The update in question was designed to 'make fun of journalists freaking out over Milo Yiannopoulos’ appearance on Bill Maher' / Getty

The site, however, says that the update was mistakenly marked as spam

Twitter has denied reports claiming it has started “ghost-deleting” tweets as part of its crackdown on offensive content. 

The company recently announced a new set of safety features designed to protect users from online abuse, including something called ‘safe search’

This hides tweets containing “potentially sensitive content” and tweets from blocked and muted accounts from users’ search results, though Twitter said that the content will continue to exist.

However, according to Twitter user @SuperNerdCow, the site went a step further, hiding one of his tweets from all users, even when they enter the update’s URL. 

He claims that he can still access the tweet, but it appears as a broken link for others. 

Twitter has, however, told The Independent that the tweet was not actually deleted but mistakenly marked as spam.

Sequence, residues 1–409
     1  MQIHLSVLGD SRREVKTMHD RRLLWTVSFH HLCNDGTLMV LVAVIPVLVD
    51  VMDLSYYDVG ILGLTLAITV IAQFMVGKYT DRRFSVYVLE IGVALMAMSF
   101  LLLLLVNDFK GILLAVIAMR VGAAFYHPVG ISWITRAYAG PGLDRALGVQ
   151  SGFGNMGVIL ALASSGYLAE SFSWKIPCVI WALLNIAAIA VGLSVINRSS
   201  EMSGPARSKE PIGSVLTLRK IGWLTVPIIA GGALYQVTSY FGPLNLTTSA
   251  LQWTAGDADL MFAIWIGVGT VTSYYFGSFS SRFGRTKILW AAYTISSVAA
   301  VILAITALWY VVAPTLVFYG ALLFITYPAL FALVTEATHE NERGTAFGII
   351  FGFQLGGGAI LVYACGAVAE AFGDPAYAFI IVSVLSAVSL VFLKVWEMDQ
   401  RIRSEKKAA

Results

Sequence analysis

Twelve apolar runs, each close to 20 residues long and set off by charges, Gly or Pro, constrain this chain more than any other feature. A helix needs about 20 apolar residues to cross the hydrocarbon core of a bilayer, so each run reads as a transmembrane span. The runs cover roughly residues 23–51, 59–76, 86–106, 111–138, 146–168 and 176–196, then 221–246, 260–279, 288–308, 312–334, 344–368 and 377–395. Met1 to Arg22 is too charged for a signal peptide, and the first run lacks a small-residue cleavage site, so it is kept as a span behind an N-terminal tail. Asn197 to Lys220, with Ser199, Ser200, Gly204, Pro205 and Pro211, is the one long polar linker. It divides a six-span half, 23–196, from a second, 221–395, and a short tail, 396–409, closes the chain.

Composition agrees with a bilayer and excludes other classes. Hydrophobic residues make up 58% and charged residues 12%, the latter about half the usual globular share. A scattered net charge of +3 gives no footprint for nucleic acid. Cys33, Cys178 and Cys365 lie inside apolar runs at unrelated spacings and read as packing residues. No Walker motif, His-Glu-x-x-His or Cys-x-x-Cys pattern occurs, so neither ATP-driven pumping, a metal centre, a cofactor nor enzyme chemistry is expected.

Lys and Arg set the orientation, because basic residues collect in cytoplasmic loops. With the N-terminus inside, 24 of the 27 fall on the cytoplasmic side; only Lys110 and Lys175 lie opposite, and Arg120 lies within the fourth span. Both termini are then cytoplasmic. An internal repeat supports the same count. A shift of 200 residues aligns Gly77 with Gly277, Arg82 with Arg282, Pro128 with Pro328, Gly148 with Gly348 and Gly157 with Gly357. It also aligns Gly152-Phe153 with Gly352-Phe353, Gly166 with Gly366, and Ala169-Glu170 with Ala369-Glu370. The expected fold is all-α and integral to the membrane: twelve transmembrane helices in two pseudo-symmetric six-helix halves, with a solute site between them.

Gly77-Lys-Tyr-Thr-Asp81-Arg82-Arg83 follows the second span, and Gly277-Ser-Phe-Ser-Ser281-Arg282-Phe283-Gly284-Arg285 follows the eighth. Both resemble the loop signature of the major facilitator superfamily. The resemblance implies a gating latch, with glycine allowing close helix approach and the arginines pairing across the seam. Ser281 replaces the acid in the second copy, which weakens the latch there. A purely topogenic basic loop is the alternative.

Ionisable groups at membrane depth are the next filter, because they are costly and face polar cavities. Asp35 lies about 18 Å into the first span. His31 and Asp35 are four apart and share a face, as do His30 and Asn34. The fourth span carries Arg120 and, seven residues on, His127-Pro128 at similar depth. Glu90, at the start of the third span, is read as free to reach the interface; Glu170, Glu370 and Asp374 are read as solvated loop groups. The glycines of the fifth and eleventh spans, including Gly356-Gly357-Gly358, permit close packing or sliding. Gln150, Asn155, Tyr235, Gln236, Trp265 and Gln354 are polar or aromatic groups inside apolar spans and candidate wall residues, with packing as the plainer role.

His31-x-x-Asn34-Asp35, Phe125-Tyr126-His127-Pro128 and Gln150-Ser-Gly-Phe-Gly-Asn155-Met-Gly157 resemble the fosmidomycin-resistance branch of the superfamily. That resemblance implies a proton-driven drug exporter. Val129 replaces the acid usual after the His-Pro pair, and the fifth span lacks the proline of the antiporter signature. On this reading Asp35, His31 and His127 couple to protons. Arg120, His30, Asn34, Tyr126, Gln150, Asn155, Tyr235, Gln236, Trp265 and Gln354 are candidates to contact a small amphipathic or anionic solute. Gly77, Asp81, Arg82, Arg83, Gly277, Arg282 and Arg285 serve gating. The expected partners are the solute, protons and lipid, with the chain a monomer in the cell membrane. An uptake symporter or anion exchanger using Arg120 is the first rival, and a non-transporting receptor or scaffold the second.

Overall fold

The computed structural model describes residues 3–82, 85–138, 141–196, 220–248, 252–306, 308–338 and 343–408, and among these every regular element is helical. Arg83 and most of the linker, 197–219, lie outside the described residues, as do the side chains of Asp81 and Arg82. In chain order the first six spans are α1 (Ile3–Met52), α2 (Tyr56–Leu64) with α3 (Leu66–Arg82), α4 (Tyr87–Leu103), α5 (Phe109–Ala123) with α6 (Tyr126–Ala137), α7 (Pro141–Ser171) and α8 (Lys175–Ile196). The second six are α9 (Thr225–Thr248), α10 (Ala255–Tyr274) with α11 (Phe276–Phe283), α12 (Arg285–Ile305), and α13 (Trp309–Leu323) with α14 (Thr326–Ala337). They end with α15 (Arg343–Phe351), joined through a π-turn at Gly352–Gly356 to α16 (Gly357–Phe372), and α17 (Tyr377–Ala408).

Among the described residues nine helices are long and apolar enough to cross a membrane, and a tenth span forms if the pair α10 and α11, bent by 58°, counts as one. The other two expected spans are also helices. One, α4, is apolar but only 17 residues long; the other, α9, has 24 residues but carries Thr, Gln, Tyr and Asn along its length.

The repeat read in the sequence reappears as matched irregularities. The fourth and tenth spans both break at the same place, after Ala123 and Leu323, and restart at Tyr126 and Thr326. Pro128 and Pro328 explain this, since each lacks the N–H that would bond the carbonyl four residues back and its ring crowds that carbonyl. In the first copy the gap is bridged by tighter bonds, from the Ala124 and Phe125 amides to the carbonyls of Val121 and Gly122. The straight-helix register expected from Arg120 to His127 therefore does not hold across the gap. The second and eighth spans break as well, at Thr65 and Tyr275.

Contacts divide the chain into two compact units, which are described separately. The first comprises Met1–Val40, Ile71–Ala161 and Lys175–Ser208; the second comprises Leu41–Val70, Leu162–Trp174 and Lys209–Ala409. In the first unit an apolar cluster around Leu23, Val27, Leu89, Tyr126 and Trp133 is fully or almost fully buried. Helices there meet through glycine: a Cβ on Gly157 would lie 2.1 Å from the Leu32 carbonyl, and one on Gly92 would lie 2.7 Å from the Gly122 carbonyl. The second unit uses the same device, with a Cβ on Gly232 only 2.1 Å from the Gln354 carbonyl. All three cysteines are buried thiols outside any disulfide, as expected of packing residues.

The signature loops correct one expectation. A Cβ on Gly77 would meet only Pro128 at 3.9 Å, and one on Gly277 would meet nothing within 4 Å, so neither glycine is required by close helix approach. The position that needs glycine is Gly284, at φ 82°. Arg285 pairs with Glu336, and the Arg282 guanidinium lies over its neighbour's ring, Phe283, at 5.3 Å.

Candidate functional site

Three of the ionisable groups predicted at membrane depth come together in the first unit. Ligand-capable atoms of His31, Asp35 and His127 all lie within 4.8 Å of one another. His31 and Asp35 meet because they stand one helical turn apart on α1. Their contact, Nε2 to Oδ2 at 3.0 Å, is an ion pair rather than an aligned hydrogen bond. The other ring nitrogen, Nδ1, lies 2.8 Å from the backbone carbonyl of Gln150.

HeatStreet reports that the update in question was designed to “make fun of journalists freaking out over Milo Yiannopoulos’ appearance on Bill Maher”. 

It was a captioned meme, reading, “This about sums up the reaction to Bill Maher talking with Milo Yiannopoulos. Discourse is #NotTheEnemy.”

The image itself portrayed doctored Mr Maher and Mr Yiannopoulos standing near a crouching cartoon figure wearing a rainbow-coloured shirt and holding a MacBook, with the label “*Autistic Screeching*” floating above their head. 

The term is often used to ridicule so-called ‘social justice warriors’ online. 

@SuperNerdCow said that Twitter didn’t delete the tweet when he posted it without the hashtag, leading him to believe that the site had been monitoring the #NotTheEnemy hashtag. 

Twitter has also started placing temporary usage restrictions on accounts it detects “potentially abusive behaviour” from, with the site explaining that it will consider an account's behaviour, rather than the language used in tweets, to determine whether or not they warrant a ban. 

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